Background: Scalp hair loss in children is one of the common complaints encountered in dermatological practice. Accurate diagnosis of hair loss in children is of major significance as it can have severe psychological implications given the cosmetic importance of hair. Aims: This study aims to study the different causes and clinical presentations of scalp hair loss in children. Materials and Methods: This was a hospital-based descriptive study that enrolled a total of 170 children with scalp hair loss. A detailed history, scalp, and hair examination were done. Bedside investigations such as KOH mount, hair shaft microscopy, and hair pull tests were conducted. Scalp biopsy and dermoscopy were done wherever necessary to confirm the diagnosis. Results: Majority of the children with scalp hair loss were school going and adolescents accounting for 62.4% of cases; 52.4% of patients were male and 47.6% were female. Asymptomatic hair loss was the most common presenting complaint contributing to 71.2% of cases. Patchy pattern of scalp hair loss formed a majority (86.5%) compared to diffuse pattern (13.5%). Around 89.4% of scalp hair loss were of acquired type and remaining 10.6% were of congenital type. Neonatal occipital alopecia (38.9%) was the most common cause of congenital hair loss. However, in the acquired group, 90.1% had nonscarring and 9.9% had scarring alopecia. In the nonscarring group, tinea capitis, alopecia areata, and telogen effluvium accounted for 47.4%, 37.9%, and 8.8% of cases, respectively. Conclusion: Childhood alopecia is different from adult alopecia in terms of causes and the pattern of presentation. There is a scarcity of literature on childhood alopecia from India, hence, this study can serve as a useful guide in understanding the different causes and its presentation in our population. In addition, this study signifies the importance of simple diagnostic tests such as KOH and hair shaft microscopy in the diagnosis of common hair loss conditions in children.
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Serum paroxonase 1 level may be an indicator and predictor of the severity of androgenetic alopecia p. 26
Maha Tantawy, Ahmed Abdel Khabir, Nancy Mahsoub, Marwa Zohdy
DOI:10.4103/ijt.ijt_128_20  
Background: Androgenetic alopecia (AGA) is a common stressful form of hair loss caused by androgen excess, genetic factors, and exposure to oxidative stress (OS) with the formation of reactive oxygen species (ROS). Paraoxonase 1 (PON1) is an enzyme synthesized in the liver bound to high-density lipoproteins to prevent lipid peroxidation. Aim: The aim of our work is to estimate serum PON1 level in patients with AGA and correlate its levels with disease severity which may help in determining if there is a role of ROS in pathogenesis of AGA. Subjects and Methods: This study was carried out as a case and control on 40 patients with AGA (diagnosed by typical clinical and dermoscopic finding) versus 40 control subjects. Blood samples were taken from all subjects to assess serum PON1enzyme using enzyme-linked immunosorbent assay kits. Results: There was a significant decrease in serum PON1 concentration level in AGA patients in comparison to controls, in addition, there was a significant decrease correlated with AGA severity (P < 0,001). The study proved that PON1 is considered highly sensitive and specific for AGA cases and a good predictive factor of AGA in healthy subjects. Conclusion: This is the first study done to reveal that the level of PON1 significantly decreased in AGA patients, which may give additional proof that OS has role in the pathogenesis of AGA and hence may help in the management of AGA by adding antioxidants in treatment.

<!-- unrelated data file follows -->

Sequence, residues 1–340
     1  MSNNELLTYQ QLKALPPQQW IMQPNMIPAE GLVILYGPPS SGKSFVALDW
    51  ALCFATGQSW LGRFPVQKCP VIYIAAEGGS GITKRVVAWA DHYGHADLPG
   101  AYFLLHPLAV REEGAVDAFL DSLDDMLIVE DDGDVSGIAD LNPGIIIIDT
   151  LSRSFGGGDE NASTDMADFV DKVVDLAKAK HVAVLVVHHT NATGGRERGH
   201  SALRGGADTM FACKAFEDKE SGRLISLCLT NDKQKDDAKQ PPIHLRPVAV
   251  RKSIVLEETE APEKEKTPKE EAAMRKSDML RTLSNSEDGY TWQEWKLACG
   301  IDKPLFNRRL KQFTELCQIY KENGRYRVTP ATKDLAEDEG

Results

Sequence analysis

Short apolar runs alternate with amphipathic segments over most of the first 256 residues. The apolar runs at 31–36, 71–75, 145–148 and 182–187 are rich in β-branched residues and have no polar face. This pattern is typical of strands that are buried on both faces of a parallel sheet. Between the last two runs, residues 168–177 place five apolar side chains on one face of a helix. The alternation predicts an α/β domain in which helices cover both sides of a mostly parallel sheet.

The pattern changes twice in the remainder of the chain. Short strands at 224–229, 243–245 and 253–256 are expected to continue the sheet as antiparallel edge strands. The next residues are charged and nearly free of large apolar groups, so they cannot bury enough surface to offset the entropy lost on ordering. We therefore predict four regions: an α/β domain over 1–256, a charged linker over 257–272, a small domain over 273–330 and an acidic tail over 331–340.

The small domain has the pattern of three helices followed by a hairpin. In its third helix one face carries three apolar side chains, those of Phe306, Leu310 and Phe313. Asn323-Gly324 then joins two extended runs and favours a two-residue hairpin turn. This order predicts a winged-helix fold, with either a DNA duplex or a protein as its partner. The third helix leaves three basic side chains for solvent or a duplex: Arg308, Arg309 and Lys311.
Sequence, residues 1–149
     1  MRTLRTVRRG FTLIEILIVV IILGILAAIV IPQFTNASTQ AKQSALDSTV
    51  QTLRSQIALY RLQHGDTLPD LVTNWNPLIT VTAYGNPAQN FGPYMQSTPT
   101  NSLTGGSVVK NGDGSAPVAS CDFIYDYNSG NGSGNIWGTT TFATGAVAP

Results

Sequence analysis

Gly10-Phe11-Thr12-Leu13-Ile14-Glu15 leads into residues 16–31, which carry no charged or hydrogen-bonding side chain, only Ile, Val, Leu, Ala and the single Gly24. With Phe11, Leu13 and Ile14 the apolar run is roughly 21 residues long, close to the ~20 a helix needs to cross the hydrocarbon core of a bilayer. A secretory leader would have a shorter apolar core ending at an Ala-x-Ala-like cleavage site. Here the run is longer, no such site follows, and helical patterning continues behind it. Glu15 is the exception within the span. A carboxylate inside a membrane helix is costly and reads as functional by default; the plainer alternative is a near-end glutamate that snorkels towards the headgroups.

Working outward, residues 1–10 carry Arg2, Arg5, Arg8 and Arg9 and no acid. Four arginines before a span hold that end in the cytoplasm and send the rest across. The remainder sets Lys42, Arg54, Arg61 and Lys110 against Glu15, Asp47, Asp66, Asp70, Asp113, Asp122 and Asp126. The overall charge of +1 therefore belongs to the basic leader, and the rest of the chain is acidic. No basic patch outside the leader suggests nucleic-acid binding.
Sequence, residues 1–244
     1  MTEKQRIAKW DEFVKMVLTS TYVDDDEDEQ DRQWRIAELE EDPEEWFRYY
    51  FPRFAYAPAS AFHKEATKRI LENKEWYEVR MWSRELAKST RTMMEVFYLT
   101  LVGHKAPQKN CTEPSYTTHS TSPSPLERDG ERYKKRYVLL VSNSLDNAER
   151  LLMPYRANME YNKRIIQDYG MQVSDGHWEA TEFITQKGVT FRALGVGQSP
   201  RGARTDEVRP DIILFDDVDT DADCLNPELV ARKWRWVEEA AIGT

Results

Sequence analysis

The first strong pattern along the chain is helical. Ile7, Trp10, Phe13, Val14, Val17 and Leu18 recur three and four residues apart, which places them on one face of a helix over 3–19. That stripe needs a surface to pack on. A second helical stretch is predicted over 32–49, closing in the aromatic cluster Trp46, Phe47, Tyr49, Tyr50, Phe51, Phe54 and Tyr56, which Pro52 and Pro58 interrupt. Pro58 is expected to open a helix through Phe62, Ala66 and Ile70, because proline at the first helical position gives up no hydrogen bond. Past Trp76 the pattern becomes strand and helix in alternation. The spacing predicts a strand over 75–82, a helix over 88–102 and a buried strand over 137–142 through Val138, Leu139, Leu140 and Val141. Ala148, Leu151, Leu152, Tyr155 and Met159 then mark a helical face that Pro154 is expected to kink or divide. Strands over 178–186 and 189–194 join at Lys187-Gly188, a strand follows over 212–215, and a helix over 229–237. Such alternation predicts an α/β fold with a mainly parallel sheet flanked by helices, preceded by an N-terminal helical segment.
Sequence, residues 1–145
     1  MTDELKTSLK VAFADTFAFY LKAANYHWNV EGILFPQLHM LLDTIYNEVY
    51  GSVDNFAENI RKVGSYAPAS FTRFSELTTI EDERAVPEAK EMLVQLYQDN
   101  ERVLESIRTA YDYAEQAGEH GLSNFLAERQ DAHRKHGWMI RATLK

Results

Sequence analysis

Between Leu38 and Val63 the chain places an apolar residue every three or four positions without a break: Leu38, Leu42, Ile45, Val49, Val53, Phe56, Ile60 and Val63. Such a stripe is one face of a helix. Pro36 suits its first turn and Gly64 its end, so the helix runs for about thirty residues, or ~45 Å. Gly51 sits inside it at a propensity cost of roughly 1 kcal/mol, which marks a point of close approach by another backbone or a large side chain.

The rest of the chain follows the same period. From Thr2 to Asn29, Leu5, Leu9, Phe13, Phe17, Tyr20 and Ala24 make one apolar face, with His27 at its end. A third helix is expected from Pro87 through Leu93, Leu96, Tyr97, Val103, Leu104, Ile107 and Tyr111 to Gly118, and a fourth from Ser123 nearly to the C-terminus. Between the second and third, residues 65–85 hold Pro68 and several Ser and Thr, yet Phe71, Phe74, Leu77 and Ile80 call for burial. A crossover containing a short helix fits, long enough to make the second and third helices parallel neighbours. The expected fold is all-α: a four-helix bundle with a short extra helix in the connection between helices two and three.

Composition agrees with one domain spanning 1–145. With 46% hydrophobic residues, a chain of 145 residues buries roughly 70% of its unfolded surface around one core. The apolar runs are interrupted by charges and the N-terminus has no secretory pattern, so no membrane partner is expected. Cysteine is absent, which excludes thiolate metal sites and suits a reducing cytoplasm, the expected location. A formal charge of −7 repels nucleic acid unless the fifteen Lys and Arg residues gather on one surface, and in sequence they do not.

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CASE REPORTS Top

Recovery of alopecia universalis with associated nail dystrophy treated with tofacitinib: A 6-year-old child's case report p. 32
Vineet Dube
DOI:10.4103/ijt.ijt_91_21  
An emerging treatment modality whose established efficacy in systemic inflammatory diseases is now being actively explored for cutaneous disorders: tofacitinib, an oral Janus kinase inhibitor, is one such treatment. Alopecia universalis has been reported to improve with the use of tofacitinib in various case reports and case series. Nail dystrophy is a diverse skin disorder that has been linked to autoimmune illnesses such as psoriasis and psoriatic arthritis in certain subtypes. Alopecia areata and alopecia universalis are also commonly associated with nail dystrophy. In the present case report, we see that there are also improvements in nail dystrophy in the patient with alopecia universalis who is using tofacitinib.
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Trichoscopic findings in pressure alopecia: Report of two cases and review of the literature p. 34
María Librada Porrino-Bustamante, Salvador Arias-Santiago, María Antonia Fernández-Pugnaire
DOI:10.4103/ijt.ijt_117_20  
Pressure alopecia (PA) is an uncommon type of hair loss due to ischemic changes of the scalp, as a result of prolonged immobilization. Clinically, it often appears within the 1st month of the trigger and tends to resolve spontaneously within 4 months. If the duration of the immobilization is longer, irreversible alopecia can be developed. Trichoscopy is usually nonspecific, being black dots, broken, and dystrophic hairs the most frequent findings. However, yellow dots and thin hairs have also been reported. We herein present two patients with PA, one with a recent development and another one with a long-lasting alopecia. Both of them showed keratotic follicular plugs and thin hairs as the main trichoscopic findings.
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Pemphigus vulgaris localized to the scalp with complete response to topical steroids p. 36
David Vega-Diez, Ana Rodríguez-Villa Lario, Alba Gómez Zubiaur, Susana Medina
DOI:10.4103/ijt.ijt_95_20  
Pemphigus vulgaris (PV) is an anti-cadherin autoimmune disease, characterized by the production of anti-desmoglein 3 (and to a lesser extent anti-desmoglein 1) antibodies, producing acanthosis, typically suprabasal, which clinically translates into flaccid blisters and erosions, generally starting on mucous membranes, with subsequent appearance of skin lesions. Only about 25 cases of PV of exclusively cutaneous location have been described in the literature. Treatment with potent topical steroids is usually sufficient to control the symptoms. We present the case of a 68-year-old female patient with localized PV in the scalp, presenting as alopecic and scabby plaque, with excellent response and hair regrowth with topical corticotherapy.